SPRINGFIELD, Mass. (WWLP) – The FDA has approved a new vaccine for pregnant people that promises to protect newborns from RSV.

This is the second vaccine the FDA has approved in the last month to protect babies from the deadly respiratory virus, and this one is given to pregnant people in order to pass antibodies to the fetus, protecting the baby once it is born for the first six months of its life.

RSV is a typically mild lower respiratory infection that infects most children by the time they are two, but if the infection causes pneumonia or bronchiolitis. It can be extremely dangerous and leads to more than 300 deaths in kids under five each year in the U.S.

The new shot is approved for pregnant people between 32 and 36 weeks. In clinical trials, it lowered the risk of severe disease from RSV by 82 percent within three months of birth, and 69 percent through six months.

Before Pfizer’s shot can be distributed to the public, an advisory committee to the Centers for Disease Control and Prevention must still recommend who should receive it.

The due diligence is done, though, clinical trials are complete and have been reviewed by the FDA, revealing one side effect that will appear as a special warning label.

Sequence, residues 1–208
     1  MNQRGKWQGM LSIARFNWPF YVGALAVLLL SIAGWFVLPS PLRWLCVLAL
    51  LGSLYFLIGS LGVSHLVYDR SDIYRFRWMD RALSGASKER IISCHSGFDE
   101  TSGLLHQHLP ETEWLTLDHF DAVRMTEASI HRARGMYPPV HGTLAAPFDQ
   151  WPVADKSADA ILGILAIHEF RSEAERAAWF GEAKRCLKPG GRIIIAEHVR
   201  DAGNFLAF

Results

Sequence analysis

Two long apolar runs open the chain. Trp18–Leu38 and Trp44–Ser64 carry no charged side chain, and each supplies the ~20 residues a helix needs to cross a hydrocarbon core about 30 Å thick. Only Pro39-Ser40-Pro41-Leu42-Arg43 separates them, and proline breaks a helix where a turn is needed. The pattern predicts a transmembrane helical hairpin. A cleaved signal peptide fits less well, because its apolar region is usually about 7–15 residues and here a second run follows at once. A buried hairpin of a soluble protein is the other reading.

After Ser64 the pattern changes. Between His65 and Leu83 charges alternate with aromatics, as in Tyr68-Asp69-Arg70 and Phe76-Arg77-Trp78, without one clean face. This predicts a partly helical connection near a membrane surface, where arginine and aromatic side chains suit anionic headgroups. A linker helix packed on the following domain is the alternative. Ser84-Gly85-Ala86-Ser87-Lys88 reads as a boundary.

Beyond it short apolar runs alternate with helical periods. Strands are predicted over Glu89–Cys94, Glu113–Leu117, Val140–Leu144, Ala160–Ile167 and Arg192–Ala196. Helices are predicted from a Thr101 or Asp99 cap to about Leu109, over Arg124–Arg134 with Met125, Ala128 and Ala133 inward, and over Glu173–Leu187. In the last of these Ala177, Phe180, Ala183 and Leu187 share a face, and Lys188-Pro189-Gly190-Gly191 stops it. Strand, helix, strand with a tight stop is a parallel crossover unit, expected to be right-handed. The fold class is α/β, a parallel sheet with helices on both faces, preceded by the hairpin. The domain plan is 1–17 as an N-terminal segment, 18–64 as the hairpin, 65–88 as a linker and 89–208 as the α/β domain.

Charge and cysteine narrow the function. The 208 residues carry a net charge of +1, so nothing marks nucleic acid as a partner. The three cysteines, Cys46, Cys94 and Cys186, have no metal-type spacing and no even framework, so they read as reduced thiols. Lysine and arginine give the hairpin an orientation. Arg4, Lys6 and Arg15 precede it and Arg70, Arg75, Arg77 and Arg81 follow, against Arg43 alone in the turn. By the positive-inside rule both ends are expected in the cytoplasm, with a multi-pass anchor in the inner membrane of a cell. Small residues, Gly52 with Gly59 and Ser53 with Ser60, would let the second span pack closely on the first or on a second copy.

Observed side effects for the pregnant mother include fatigue, headache, injection site pain, muscle pain, nausea, joint pain, and diarrhea. It also had an observed, but statistically insignificant effect on pre-term births.

People who received a placebo vaccine during the trial delivered their babies before 37 weeks at a rate of 4.7 percent. For people that received the vaccine, that rate increased to 5.7 percent. It’s important to note that both rates for the study of 74 hundred people were well below the rate of the general population without the shot or placebo of 10 percent.

Local News

Duncan MacLean is a reporter who has been a part of the 22News team since 2019. Follow Duncan on X @DMacLeanWWLP and view his bio to see more of his work.